Sarong Samarinda – The craft of Samarinda sarong weaving was originally brought by Bugis migrants from Sulawesi who lived on the coast of the Mahakam River, to be precise in Kampung Pamanah, Gang Pertenunan, Samarinda Seberang. Being far from their ancestral lands does not make Bugis women forget their traditions. While waiting for their husbands to come home from work and look after their children, they take advantage of their time weaving sarongs. The plaid sarong they made actually attracted people’s attention to buy it.

The craftsmen know two techniques in weaving the Samarinda sarong, namely by using a non-machine weaving tool (ATBM) and in a traditional way called walida. These immigrant craftsmen are said to be very skilled in weaving cloth. Making one sarong from raw materials takes about one week. Meanwhile, the weaving process takes about three days.

The distinctive feature of the Samarinda sarong is its raw material which uses silk which is specially imported from China. Before weaving, silk raw material still has to undergo several processes to make it strong when spun. The first process is to immerse the raw materials in water for three days. After that it is cooked in a mixture of water and dye until it boils for about two hours. Then the raw material is washed clean and immediately served. After being skewered, squeezed, and dried in the sun to dry, then the raw material can be spun into silk weaving threads. To get good results, spinning should be done as smoothly as possible.

A sarong produced by a craftsman is usually 80 centimeters wide and 2 meters long. With such a large glove size there must be a seam in the middle that is made by hand. The original sarong is never joined using a sewing machine. This is one way to distinguish real fabric from fake or factory-made machines.

Another difference is that the original fabric or the one made with ATBM usually feels a little rough but cool when worn. Fake fabric feels smooth but feels hot when used. While the original sarong made with the walida technique is smooth and feels cool to wear.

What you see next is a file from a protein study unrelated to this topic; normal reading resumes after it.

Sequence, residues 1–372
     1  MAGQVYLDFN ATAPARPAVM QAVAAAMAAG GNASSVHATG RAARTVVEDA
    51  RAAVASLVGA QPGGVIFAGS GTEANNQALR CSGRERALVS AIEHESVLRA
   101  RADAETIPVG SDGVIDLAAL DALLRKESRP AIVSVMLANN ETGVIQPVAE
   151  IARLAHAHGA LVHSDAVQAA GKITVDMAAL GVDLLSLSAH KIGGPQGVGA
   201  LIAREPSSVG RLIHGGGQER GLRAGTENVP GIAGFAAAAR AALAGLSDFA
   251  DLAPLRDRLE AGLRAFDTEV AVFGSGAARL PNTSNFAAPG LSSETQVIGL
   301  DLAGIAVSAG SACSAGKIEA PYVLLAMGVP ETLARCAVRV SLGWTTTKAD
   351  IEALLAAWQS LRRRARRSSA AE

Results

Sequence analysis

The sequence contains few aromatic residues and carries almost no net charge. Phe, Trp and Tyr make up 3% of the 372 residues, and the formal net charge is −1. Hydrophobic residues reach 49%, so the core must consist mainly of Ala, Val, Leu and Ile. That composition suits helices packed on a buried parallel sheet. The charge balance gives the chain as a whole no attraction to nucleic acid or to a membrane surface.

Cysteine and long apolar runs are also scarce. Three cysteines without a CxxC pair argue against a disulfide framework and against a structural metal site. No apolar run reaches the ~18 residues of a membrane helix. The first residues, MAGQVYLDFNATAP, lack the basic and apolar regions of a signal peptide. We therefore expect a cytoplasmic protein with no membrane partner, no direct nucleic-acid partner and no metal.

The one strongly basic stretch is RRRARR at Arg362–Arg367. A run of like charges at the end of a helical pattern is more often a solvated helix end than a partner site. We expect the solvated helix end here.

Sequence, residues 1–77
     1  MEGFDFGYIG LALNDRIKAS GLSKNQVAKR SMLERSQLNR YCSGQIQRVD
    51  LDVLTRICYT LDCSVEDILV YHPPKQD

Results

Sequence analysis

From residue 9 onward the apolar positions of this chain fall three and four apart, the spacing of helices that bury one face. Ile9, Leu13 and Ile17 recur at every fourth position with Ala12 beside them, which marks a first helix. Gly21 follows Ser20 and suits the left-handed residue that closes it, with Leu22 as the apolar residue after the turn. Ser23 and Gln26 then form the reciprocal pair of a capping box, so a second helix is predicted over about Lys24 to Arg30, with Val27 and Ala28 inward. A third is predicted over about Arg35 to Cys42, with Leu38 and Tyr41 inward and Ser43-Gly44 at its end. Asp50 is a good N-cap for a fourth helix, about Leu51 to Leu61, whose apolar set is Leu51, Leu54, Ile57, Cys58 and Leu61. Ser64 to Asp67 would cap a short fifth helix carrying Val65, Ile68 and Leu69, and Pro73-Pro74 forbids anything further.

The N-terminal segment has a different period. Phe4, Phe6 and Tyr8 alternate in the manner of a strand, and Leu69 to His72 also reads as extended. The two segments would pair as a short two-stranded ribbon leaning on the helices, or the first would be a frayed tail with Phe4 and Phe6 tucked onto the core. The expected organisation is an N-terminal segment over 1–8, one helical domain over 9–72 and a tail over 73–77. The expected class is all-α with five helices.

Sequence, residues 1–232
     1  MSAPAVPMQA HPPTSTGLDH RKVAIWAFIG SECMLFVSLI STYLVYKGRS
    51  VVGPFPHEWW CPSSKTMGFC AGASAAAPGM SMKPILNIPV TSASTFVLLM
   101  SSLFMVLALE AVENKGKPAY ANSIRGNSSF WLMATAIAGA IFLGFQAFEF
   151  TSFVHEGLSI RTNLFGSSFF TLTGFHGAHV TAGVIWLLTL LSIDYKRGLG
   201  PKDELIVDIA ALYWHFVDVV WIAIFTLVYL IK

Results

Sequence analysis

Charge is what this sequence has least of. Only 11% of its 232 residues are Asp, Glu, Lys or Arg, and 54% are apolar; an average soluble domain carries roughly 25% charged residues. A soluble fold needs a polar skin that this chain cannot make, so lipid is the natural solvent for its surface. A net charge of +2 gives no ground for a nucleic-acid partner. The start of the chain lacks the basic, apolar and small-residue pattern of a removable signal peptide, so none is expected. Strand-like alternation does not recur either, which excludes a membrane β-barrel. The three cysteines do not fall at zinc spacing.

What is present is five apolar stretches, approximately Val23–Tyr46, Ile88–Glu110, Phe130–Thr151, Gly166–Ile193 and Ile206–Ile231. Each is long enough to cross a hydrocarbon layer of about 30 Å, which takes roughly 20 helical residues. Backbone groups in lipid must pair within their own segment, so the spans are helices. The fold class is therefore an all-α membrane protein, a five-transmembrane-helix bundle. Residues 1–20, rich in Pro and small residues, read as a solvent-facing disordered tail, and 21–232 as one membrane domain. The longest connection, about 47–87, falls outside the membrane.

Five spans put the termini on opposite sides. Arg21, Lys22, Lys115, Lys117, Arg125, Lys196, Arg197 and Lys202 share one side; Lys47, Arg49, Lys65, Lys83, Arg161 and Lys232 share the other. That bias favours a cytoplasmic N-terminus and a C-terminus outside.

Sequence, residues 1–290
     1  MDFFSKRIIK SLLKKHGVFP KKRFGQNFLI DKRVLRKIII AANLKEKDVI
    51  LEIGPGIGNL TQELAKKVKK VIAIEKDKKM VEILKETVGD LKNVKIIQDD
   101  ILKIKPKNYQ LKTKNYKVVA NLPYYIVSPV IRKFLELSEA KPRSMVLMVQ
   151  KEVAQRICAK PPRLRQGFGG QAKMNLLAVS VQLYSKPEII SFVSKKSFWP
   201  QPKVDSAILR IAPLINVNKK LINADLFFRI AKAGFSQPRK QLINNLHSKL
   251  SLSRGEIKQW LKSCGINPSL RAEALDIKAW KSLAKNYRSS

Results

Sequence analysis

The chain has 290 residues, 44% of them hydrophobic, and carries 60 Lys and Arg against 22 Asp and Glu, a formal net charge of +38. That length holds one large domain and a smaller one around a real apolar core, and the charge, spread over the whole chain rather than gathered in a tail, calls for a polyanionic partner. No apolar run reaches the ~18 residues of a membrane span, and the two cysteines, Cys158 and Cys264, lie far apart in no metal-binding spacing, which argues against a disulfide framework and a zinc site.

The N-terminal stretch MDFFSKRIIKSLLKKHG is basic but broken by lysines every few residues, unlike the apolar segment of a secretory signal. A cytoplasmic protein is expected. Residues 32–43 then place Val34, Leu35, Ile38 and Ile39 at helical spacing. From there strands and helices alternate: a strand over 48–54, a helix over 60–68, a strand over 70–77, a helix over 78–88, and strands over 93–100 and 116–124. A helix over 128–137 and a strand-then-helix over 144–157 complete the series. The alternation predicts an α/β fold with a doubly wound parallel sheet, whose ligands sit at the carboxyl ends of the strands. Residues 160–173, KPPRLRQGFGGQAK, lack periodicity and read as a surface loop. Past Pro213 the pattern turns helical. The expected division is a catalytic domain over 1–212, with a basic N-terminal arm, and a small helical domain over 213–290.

If you want to be more certain about the real and fake sarongs, pull out a thread of the sarong and burn it. If the burned thread turns into rubber, it means that it is the original sarong that uses silk thread. But if the burned thread turned to ashes, the sheath must have been made of cheap cotton thread. Buyers do have to be careful when buying Samarinda Sarong because there are so many fake sarongs in circulation.

Now there are dozens of weavers’ villages located in nearby alleys. The names of the villages vary according to the village they came from in Sulawesi. There are Wajo Village, Senglang, Sidrap. Meanwhile, a number of galleries, shops and cooperatives have sprung up selling the handicrafts of Samarinda Sarong weaving along the Samarinda highway.

If you walk down the weaving alleys, spinning and weaving machines will be seen on the front yards of residents’ houses. Meanwhile, on the side and overhang of the house, the sarong, which was still wet with starch, was drying. The use of starch serves to make the sarong look new and durable.

If you want to have the original Samarinda Sarong, you should buy it directly or order it at several souvenir places in Samarinda. The price of the Samarinda sarong ranges from Rp. 150,000 to Rp. 250,000. [TimIndonesiaExploride / IndonesiaKaya]

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